- Muscle cramps or weakness
- Muscle paralysis and irregular heart rate (with severe hypokalemia)
Too much potassium in the blood is called hyperkalemia. In healthy people the kidneys will efficiently remove extra potassium, mainly through the urine. However, certain situations can lead to hyperkalemia: advanced kidney disease, taking medications that hold onto potassium in the body (including NSAIDs), or people who have compromised kidneys who eat a high-potassium diet (more than 4,700 mg daily) or use potassium-based salt substitutes. Symptoms of hyperkalemia:
- Weakness, fatigue
- Nausea, vomiting
- Shortness of breath
- Chest pain
- Heart palpitations, irregular heart rate
Did You Know?
- The chemical symbol for potassium is “K,” not to be confused with vitamin K.
- Salt substitutes are sometimes made from potassium chloride, which replaces some or all of the sodium chloride in table salt. Although those on salt-restricted diets may benefit from its much lower sodium content, potassium salt has a bitter aftertaste when heated so it is not recommended for cooking. Check with your doctor before trying a potassium salt, because extra potassium can be dangerous for people who have trouble eliminating excess amounts or who are taking medications that can increase potassium levels in the bloodstream.
- National Academy of Medicine. Dietary Reference Intakes for Sodium and Potassium. Washington (DC): National Academies Press (US); 2019 Mar.
- National Institutes of Health; Office of Dietary Supplements. Potassium: Fact Sheet for Health Professionals. https://ods.od.nih.gov/factsheets/Potassium-HealthProfessional/. Accessed 5/20/2019.
- Brown IJ, Tzoulaki I, Candeias V, Elliott P. Salt intakes around the world: implications for public health. International journal of epidemiology. 2009 Apr 7;38(3):791-813.
- Dietary Guidelines for Americans Scientific Advisory Committee. Report of the Dietary Guidelines Advisory Committee on the Dietary Guidelines for Americans, 2010, to the Secretary of Agriculture and the Secretary of Health and Human Services. 2010.
- Yang Q, Liu T, Kuklina EV, Flanders WD, Hong Y, Gillespie C, Chang MH, Gwinn M, Dowling N, Khoury MJ, Hu FB. Sodium and potassium intake and mortality among US adults: prospective data from the Third National Health and Nutrition Examination Survey. Archives of internal medicine. 2011 Jul 11;171(13):1183-91.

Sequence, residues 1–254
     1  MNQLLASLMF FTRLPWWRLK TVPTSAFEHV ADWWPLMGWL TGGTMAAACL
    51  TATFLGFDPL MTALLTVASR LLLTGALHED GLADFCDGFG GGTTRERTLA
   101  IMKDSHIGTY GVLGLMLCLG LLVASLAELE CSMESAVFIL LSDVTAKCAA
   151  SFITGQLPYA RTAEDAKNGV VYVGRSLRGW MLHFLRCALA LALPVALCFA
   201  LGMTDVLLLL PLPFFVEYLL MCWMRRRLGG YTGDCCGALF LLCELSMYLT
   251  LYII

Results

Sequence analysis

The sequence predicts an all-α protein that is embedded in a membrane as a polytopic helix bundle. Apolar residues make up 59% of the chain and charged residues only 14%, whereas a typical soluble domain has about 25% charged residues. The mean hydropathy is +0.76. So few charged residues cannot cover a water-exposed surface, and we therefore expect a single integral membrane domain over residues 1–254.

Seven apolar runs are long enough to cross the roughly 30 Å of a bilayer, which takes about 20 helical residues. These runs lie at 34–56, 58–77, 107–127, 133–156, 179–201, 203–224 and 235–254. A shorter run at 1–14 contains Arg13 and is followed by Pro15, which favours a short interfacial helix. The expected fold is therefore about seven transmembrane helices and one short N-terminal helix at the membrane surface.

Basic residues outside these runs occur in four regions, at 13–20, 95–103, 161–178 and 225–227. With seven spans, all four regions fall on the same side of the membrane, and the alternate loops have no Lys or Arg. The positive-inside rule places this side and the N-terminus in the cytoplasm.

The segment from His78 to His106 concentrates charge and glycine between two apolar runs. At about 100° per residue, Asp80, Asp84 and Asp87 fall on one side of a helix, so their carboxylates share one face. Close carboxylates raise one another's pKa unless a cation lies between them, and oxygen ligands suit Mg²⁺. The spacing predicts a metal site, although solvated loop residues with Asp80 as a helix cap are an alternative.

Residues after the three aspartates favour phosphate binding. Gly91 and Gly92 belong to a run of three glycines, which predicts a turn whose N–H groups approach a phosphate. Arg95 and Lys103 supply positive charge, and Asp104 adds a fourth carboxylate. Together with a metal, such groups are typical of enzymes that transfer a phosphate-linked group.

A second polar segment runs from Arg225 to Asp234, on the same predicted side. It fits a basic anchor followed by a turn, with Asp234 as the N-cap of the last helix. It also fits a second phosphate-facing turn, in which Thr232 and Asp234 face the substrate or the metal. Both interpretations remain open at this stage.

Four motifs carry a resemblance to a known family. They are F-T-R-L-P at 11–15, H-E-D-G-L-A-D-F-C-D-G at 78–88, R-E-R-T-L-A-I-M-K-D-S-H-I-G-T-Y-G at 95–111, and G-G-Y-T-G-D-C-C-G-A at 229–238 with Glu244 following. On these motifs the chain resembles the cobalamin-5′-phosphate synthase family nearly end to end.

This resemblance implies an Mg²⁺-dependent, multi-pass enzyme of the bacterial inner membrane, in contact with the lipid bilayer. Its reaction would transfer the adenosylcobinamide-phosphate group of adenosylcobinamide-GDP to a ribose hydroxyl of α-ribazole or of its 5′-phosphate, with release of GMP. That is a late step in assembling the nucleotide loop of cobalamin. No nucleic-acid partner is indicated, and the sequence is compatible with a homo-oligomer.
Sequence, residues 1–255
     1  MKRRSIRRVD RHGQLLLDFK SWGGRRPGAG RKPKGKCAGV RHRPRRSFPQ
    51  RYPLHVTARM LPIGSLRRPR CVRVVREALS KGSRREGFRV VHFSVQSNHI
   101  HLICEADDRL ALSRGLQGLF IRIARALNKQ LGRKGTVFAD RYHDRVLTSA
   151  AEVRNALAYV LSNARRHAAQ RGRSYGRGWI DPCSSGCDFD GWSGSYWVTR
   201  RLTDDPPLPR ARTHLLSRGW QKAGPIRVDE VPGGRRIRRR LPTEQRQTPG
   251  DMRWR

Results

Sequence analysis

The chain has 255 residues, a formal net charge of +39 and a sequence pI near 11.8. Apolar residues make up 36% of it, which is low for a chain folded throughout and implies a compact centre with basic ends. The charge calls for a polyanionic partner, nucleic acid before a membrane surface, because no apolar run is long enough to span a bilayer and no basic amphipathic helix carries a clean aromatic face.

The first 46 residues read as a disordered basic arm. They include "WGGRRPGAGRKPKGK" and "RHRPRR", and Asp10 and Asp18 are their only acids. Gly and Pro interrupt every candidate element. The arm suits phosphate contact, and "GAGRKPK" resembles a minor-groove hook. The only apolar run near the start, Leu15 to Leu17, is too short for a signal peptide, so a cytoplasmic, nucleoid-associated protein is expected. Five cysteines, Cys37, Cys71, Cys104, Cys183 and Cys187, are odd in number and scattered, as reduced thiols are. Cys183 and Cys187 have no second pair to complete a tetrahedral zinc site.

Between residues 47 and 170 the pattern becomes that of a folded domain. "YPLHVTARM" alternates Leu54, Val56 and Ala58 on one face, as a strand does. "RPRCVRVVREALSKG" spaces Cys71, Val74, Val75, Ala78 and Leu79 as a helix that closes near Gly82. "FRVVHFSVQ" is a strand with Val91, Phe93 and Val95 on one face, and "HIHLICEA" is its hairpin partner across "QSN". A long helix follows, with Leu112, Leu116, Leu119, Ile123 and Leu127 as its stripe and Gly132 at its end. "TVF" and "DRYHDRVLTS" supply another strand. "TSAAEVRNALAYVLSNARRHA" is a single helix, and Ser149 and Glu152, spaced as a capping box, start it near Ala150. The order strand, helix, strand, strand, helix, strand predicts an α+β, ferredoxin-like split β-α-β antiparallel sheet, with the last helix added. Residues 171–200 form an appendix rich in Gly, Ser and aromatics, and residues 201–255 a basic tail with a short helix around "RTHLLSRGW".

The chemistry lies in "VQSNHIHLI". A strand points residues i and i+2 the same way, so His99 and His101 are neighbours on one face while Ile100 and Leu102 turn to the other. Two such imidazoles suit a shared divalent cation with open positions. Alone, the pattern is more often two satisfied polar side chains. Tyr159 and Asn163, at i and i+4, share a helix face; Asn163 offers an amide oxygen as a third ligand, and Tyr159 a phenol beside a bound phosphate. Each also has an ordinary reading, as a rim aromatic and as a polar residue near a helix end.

- Aaron KJ, Sanders PW. Role of dietary salt and potassium intake in cardiovascular health and disease: a review of the evidence. InMayo Clinic Proceedings 2013 Sep 1 (Vol. 88, No. 9, pp. 987-995). Elsevier.
- Newberry SJ, Chung M, Anderson CA, Chen C, Fu Z, Tang A, Zhao N, Booth M, Marks J, Hollands S, Motala A. Sodium and Potassium Intake: Effects on Chronic Disease Outcomes and Risks. Rockville (MD): Agency for Healthcare Research and Quality (US); 2018 Jun. Report No.: 18-EHC009-EF.
- Aburto NJ, Hanson S, Gutierrez H, Hooper L, Elliott P, Cappuccio FP. Effect of increased potassium intake on cardiovascular risk factors and disease: systematic review and meta-analyses. BMJ. 2013 Apr 4;346:f1378.
- Vinceti M, Filippini T, Crippa A, de Sesmaisons A, Wise LA, Orsini N. Meta‐analysis of potassium intake and the risk of stroke. Journal of the American Heart Association. 2016 Oct 6;5(10):e004210.
- Hanley DA, Whiting SJ. Does a high dietary acid content cause bone loss, and can bone loss be prevented with an alkaline diet?. Journal of Clinical Densitometry. 2013 Oct 1;16(4):420-5.
- Lin PH, Ginty F, Appel LJ, Aickin M, Bohannon A, Garnero P, Barclay D, Svetkey LP. The DASH diet and sodium reduction improve markers of bone turnover and calcium metabolism in adults. The Journal of nutrition. 2003 Oct 1;133(10):3130-6.
- Macdonald HM, Black AJ, Aucott L, Duthie G, Duthie S, Sandison R, Hardcastle AC, Lanham New SA, Fraser WD, Reid DM. Effect of potassium citrate supplementation or increased fruit and vegetable intake on bone metabolism in healthy postmenopausal women: a randomized controlled trial. The American journal of clinical nutrition. 2008 Aug 1;88(2):465-74.
- Gregory NS, Kumar R, Stein EM, Alexander E, Christos P, Bockman RS, Rodman JS. Potassium citrate decreases bone resorption in postmenopausal women with osteopenia: A randomized, double-blind clinical trial. Endocrine Practice. 2015 Dec 1;21(12):1380-6.
- Ferraro PM, Mandel EI, Curhan GC, Gambaro G, Taylor EN. Dietary protein and potassium, diet–dependent net acid load, and risk of incident kidney stones. Clinical Journal of the American Society of Nephrology. 2016 Oct 7;11(10):1834-44.
- Fink HA, Wilt TJ, Eidman KE, Garimella PS, MacDonald R, Rutks IR, Brasure M, Kane RL, Monga M. Recurrent nephrolithiasis in adults: comparative effectiveness of preventive medical strategies. Rockville (MD): Agency for Healthcare Research and Quality (US); 2012 Jul. Report No.: 12-EHC049-EF.
- Carnauba RA, Baptistella AB, Paschoal V, Hübscher GH. Diet-induced low-grade metabolic acidosis and clinical outcomes: a review. Nutrients. 2017 Jun;9(6):538.
- Ma Y, He FJ, Sun Q, Yuan C, Kieneker LM, Curhan GC, MacGregor GA, Bakker SJ, Campbell NR, Wang M, Rimm EB. 24-Hour Urinary Sodium and Potassium Excretion and Cardiovascular Risk. New England Journal of Medicine. 2021 Nov 13.
Last reviewed March 2023